Pesticide-contaminated soil may require remediation to mitigate ground and surface water contamination. We determined the effectiveness of zerovalent iron (Fe0) to dechlorinate metolachlor [2-chloro-N-(2-ethyl-6-methylphenyl)-N-(2-methoxy-1-methyl ethyl) acetamide] in the presence of aluminum and iron salts. By treating aqueous solutions of metolachlor with Fe0, we found destruction kinetics were greatly enhanced when Al, Fe(II), of Fe(III) salts were added, with the following order of destruction kinetics observed: Al2(SO4)3 > AlCl3 > F2(SO4)3 > FeCl3. A common observation was the formation of green rusts, mixed Fe(II)-Fe(III) hydroxides with interlayer anions that impart a greenish-blue color. Central to the mechanism responsible for enhanced metolachlor loss may be the role these salts play in facilitating Fe(II) release. By tracking Al and Fe(II) in a Fe0 + Al2(SO4)3 treatment of metolachlor, we observed that Al was readily sorbed by the corroding iron with a corresponding release of Fe(III). The manufacturing process used to produce the Fe0 also profoundly affected destruction rates. Metolachlor destruction rates with salt-amended Fe0 were greater with annealed iron (indirectly heated under a reducing atmosphere) than unannealed iron. Moreover, the optimum pH for metolachlor dechlorination in water and soil differed between iron sources (pH 3 for unannealed, pH 5 for annealed). Our results indicate that metolachlor destruction by Fe0 treatment may be enhanced by adding Fe or Al salts and creating pH and redox conditions favoring the formation of green rusts.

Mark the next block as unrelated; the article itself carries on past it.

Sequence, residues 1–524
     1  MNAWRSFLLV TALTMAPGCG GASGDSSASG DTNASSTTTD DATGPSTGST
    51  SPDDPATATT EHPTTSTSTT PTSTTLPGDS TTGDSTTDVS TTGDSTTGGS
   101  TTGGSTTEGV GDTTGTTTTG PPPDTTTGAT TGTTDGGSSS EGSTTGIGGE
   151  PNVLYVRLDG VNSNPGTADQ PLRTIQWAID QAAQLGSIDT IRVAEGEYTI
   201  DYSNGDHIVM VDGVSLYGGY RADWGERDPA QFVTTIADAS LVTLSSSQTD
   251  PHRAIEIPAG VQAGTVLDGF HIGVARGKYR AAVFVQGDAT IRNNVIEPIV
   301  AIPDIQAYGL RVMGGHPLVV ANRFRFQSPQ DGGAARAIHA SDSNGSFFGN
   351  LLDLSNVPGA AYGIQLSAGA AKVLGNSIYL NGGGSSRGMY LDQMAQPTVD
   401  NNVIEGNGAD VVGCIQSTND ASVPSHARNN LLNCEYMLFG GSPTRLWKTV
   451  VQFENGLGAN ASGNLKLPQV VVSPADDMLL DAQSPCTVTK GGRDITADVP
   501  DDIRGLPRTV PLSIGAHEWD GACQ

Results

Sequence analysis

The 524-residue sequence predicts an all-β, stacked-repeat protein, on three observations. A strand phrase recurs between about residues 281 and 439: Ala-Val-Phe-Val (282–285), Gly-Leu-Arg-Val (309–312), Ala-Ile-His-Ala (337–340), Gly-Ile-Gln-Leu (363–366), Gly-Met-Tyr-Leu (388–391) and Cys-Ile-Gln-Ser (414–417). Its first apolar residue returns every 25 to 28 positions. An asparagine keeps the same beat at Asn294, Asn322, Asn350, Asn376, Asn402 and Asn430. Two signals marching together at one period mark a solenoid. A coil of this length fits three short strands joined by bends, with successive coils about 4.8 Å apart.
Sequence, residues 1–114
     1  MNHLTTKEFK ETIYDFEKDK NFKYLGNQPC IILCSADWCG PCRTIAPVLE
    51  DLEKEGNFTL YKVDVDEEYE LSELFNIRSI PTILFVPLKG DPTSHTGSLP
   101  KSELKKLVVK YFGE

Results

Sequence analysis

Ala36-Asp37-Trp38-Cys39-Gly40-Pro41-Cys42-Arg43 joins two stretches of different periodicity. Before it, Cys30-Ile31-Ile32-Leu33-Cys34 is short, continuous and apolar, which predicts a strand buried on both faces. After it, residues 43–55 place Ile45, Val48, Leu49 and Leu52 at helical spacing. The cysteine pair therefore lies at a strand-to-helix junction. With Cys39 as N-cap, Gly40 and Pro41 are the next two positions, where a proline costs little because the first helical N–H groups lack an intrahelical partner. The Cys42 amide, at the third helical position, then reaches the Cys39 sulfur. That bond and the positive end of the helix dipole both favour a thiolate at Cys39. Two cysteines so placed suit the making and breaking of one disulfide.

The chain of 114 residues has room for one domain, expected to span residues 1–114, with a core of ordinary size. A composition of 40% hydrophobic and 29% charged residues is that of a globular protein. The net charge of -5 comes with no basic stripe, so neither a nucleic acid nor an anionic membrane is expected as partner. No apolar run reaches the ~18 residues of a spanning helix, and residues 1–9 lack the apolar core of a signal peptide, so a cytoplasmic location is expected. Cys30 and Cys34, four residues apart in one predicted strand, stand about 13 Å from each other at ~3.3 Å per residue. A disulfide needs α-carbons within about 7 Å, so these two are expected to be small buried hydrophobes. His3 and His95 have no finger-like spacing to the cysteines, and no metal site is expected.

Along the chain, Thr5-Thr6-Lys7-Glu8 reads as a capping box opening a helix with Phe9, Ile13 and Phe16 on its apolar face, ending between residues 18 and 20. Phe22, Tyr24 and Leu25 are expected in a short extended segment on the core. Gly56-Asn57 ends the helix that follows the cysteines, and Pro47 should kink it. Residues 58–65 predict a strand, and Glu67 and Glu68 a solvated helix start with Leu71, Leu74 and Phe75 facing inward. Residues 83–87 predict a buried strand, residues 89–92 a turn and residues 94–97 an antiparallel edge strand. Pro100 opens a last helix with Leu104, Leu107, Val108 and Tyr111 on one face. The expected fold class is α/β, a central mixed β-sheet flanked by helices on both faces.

ASJC Scopus subject areas
- Environmental Engineering
- Water Science and Technology
- Waste Management and Disposal
- Management, Monitoring, Policy and Law